OCF 73-81: Vigil, Word, Intercessions, Conclusion

The OCF book in the US edition gives a brief rubric in #73, noting that “(o)ther readings, psalms, and gospel readings are given in Part III” which is OCF 343-347. Then in number 74, a sample reading is given from 2 Corinthians (5:1, 6-10); in number 75, a sample Psalm, the 27th; and in number 76, a sample gospel (Luke 12:35-40). The rubric of OCF 77 tells us a “brief homily” is to be given.

Instead of “Prayers of the Faithful” format we usually hear at Mass, a litany is prayed after the homily (OCF 78). I like this text and have set it to music. My suggestion is that this is one non-Mass text every serious liturgical composer should have in her or his portfolio:

Risen Lord, pattern of our life for ever: Lord have mercy.

Promise and image of what we shall be: Lord have mercy.

Son of God who came to destroy sin and death: Lord have mercy.

Word of God who delivered us from the fear of death: Lord have mercy.

Crucified Lord, forsaken in death, raise in glory: Lord have mercy.

Lord Jesus, gentle Shepherd who bring rest to our souls, give peace to N for ever: Lord have mercy.

Lord Jesus, you bless those who mourn and are in pain. Bless N’s family and friends who gather around him/her today: Lord have mercy.

And more practically, every cantor should be able to render this litany with or without accompaniment. It would be sort of like the camping merit badge to an Eagle Scout. You need it in your bag.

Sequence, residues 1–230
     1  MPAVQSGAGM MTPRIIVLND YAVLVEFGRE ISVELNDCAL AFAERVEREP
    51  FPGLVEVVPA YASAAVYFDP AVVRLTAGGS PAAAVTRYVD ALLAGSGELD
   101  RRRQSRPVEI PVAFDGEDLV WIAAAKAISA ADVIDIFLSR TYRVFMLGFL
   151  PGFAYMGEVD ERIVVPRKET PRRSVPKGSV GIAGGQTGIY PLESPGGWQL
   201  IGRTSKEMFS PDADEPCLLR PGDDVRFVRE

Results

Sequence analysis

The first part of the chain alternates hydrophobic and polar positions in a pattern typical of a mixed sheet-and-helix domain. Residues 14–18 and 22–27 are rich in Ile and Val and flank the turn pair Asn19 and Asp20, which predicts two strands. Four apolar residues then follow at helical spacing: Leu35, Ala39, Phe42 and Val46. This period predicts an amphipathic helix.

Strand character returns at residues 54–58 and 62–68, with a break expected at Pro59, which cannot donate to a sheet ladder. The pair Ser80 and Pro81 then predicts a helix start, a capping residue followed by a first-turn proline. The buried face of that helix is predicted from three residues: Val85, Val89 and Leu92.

The Lord’s Prayer (OCF 79) and Concluding Prayer (OCF 80) continue the vigil. The last rubric of OCF 80 indicates a family member or friend may speak there in remembrance of the deceased. We discussed this in an earlier post. More often I see the remembrance offered after the homily. I think a reasonable case could be made for it to be placed there.

OCF 81 suggests the deceased’s forehead may be signed to the traditional “Eternal rest …” prayer and responses. Concluding blessings for the people may be done by the clergy or invoked of God by a lay person. The final rubric for the Vigil suggests “a song or a few moments of silent prayer or both.”

Any comments on this? Is this what you experience in your parishes?

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About catholicsensibility

Todd and his family live in Ames, Iowa. He serves a Catholic parish of both Iowa State students and town residents.
This entry was posted in Order of Christian Funerals, post-conciliar liturgy documents, Rites. Bookmark the permalink.

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